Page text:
After the first week of exercise...

I'd like to congratulate James on a successful first week of the exercise program!  From last week's assessment he is down 2 pounds, which is where we wanted to be at this time.  He has another 2 pounds to go until next Friday when we go to the pool.

Keep up the good work, James!

Sunday, November 6, 2011

Week 2

Last week, I posted the introductory portion of my video updates.  Today is week 2, and an update.  This week starts the first in a 22 month program of exercise that will help me reach my goal to lose weight, get into good shape, and to make the trek around Mt Rainier.

This weekend, I drove over to meet Jeff and take an exercise test to determine, among other things, my aerobic fitness.  The test is straight forward.  Basically, it involves a series of blood pressure checks while at rest and while exercising.  Coupled with reading my heart rate and increasing levels of difficulty on the treadmill, Jeff was essentially able to determine how efficiently my body was working.  Since I'm a lay man, I'll put it lay man's terms; I'm out of shape.  Duh!  I knew that.  But the important thing is that Jeff got all the numbers he needed custom tailor my exercise program to my unique needs.  I'm digging that.

Jeff worked out an exercise routine that he wants me to follow with the utmost strictness.  The first few weeks are pretty straight forward and are rather easy to do.  Importantly so, they seem designed to get my into the routine and work on my form rather than focusing on how much I can "max out."  Further along, the difficulty, duration, and amount of days to work out increase steadily.  Jeff's goal is to have me losing 2 lbs per week until my next assessment in late January, by which time I should be down to 287 lbs.  Today, I'm at 308.  I have some work to do!  For more about the technical aspect of it, check out Jeff's entry, titled "The How and Why."  He explains all of this more eloquently than I can.

Most importantly, for me, is that Jeff's program provides a rigid structure.  I'm very structurally oriented, and if I don't have a plan, or structure, to follow, I tend to fall short.  Providing a schedule for me to follow allows me to stay on track.  It also keeps me accountable for my actions.  Don't do too little, and don't do too much.  Stay on track!

Last week, I stopped eating fast food, drinking soda and sugar-laden drinks.  I switched over to more water and flavored water by using Crystal Lite.  It tastes a little funny at first, but I assure you, you get used to it and it actually starts to taste sweeter the more you drink it, and the more you lay off other sweet things like candy and pop.  It's amazing just how much more flavorful good food actually tastes when you stop eating crap.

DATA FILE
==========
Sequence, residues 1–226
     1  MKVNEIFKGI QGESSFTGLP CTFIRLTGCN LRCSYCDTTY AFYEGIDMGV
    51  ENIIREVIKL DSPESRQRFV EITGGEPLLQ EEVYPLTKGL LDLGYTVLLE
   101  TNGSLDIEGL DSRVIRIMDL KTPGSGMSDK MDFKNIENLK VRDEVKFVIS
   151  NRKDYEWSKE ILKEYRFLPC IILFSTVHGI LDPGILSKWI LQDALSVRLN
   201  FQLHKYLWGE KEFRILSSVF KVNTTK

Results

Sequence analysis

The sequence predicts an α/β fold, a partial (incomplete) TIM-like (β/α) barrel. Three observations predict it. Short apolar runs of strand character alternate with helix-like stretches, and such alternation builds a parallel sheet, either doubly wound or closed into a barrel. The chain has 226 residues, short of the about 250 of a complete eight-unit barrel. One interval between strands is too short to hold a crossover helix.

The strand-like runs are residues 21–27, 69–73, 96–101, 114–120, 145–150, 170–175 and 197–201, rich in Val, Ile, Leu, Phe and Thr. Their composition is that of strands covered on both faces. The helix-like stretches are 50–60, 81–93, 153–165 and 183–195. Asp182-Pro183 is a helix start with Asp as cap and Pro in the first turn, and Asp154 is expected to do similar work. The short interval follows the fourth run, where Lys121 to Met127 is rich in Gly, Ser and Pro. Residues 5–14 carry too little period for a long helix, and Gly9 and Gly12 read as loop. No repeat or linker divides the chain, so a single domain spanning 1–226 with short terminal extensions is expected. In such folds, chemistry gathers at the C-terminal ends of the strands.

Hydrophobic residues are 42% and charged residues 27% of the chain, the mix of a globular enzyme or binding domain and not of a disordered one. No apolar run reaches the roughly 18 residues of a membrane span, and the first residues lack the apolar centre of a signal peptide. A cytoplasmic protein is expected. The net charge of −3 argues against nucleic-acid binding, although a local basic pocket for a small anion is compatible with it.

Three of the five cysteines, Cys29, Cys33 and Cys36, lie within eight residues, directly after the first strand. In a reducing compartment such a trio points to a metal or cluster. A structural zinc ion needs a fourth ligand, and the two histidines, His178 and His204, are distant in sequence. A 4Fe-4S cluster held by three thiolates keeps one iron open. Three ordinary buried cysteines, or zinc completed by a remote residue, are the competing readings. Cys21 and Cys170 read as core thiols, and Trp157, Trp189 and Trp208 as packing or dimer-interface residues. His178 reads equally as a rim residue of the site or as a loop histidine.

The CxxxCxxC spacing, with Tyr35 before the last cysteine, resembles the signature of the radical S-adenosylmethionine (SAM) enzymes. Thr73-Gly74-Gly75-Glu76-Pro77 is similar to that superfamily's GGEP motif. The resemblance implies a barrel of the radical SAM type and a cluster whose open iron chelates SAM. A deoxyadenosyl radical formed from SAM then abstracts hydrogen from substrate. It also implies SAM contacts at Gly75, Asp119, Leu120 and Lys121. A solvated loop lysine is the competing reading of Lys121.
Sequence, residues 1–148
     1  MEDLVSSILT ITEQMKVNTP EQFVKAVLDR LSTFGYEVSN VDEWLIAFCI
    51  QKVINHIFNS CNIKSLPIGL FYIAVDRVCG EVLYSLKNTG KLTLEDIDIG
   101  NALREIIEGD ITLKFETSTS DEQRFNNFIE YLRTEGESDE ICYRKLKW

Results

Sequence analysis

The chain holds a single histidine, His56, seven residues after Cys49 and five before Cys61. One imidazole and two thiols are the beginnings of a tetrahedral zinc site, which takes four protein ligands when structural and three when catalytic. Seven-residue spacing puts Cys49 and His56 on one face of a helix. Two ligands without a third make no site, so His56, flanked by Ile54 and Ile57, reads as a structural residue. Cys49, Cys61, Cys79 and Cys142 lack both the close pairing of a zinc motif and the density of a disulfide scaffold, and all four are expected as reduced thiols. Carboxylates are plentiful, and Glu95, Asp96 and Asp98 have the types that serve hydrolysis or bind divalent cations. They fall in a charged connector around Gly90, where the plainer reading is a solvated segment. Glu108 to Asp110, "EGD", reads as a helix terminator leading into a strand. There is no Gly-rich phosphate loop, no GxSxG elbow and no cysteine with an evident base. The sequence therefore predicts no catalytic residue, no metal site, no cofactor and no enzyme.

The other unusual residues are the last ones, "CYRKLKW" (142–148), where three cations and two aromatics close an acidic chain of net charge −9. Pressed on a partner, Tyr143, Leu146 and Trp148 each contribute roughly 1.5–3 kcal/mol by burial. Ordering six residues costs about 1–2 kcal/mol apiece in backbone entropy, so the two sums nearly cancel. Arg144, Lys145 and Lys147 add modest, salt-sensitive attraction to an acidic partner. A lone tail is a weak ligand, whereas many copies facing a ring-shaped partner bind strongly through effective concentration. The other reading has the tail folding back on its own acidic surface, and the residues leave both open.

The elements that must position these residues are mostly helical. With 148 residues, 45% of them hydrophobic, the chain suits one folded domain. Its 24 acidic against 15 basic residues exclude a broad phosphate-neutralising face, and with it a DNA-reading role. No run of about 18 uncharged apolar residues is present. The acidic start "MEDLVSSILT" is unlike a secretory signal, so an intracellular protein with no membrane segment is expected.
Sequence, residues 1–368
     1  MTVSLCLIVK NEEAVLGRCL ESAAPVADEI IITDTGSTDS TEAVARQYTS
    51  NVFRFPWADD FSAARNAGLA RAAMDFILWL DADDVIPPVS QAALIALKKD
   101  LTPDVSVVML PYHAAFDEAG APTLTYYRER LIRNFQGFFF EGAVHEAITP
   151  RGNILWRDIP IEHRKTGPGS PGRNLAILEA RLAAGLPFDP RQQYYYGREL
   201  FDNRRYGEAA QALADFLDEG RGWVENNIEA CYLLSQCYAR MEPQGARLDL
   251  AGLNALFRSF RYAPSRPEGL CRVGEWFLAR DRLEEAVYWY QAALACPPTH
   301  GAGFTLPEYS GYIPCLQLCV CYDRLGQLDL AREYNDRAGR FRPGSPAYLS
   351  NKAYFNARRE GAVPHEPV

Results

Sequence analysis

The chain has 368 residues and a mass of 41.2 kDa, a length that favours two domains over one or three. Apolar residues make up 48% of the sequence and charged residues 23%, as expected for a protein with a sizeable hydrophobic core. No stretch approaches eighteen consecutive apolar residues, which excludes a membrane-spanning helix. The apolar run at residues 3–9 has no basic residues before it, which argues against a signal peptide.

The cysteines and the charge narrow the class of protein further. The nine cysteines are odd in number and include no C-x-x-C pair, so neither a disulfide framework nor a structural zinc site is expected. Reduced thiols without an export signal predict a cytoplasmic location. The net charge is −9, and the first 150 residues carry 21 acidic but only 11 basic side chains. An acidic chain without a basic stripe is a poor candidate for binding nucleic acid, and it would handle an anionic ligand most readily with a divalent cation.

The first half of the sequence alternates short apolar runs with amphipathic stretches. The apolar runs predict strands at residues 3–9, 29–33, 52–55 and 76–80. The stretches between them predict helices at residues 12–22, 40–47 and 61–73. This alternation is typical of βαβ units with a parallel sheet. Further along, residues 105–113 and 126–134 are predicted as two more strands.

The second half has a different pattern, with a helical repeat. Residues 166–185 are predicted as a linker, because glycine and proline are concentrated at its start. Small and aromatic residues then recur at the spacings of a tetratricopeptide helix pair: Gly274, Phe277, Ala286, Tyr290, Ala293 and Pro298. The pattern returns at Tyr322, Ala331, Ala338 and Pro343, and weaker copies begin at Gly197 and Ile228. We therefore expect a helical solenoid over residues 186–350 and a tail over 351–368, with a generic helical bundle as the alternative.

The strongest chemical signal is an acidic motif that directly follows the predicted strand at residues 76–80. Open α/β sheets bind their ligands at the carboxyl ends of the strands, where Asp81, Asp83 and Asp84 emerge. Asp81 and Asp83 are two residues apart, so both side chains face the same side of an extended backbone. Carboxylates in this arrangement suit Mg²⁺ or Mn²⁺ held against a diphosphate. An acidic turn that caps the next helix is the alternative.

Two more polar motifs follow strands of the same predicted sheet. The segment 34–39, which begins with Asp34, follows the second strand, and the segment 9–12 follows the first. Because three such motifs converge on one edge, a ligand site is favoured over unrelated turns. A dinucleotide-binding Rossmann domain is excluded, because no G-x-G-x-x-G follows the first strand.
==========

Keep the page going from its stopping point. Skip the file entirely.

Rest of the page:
I also inadvertently kicked caffeine in just 2 days!  Whoa!  Last time I tried to kick caffeine, it took me two weeks!  I guess I had not been consuming as much caffeine since the last time I tried.  However, it was nice to kick that habit in a short period of time because I think that was the number one reason I was drinking soda... since I hate coffee.

I've dropped my caloric intake naturally as well.  Since I'm not loading up on 1200 calories for breakfast (don't miss those McMuffins at all) everyday, the amount of food I've been able to eat has actually increased while decreasing the amount of fat and calories that are entering my body.  If you look at how many calories and fat are in a couple of Sausage McMuffins with egg, and a deep fried hash brown, you'd be amazed at just how so little food can make you so fat!  It's also amazing at how unsatisfying a meal (if you can call it that) really is.  Eat a breakfast meal at McDonald's and feel hungry an hour later; that's truly amazing!  On the other hand, all I had for breakfast today was an English Muffin and some strawberry jam, worth about 360 calories.  While I'm thinking about lunch, I had that meal over 4 hours ago, and am thinking about eating in an hour just for the sake of eating lunch; and my kids still need to get fed.  This week, along with exercise, I plan to brown bag it everyday for work.  I've found a nice turkey cold cut from Costco that I really like, and it makes a good sandwich.  Of course, who can argue with turkey?  I can't!

As promised, along with this entry, I have included a much shorter video (sorry if the first one ran long).  This video is only a few minutes.  Enjoy!



-James

The How and Why

Disclaimer:  You may find that I am revealing some personal information regarding his weight loss and other things that affect his exercise program.  This is not normally what I would do as a trainer, being as this information is both private and confidential.  However, James wishes that I post his progress to this blog as a measure of accountability and I have been authorized to reveal this information.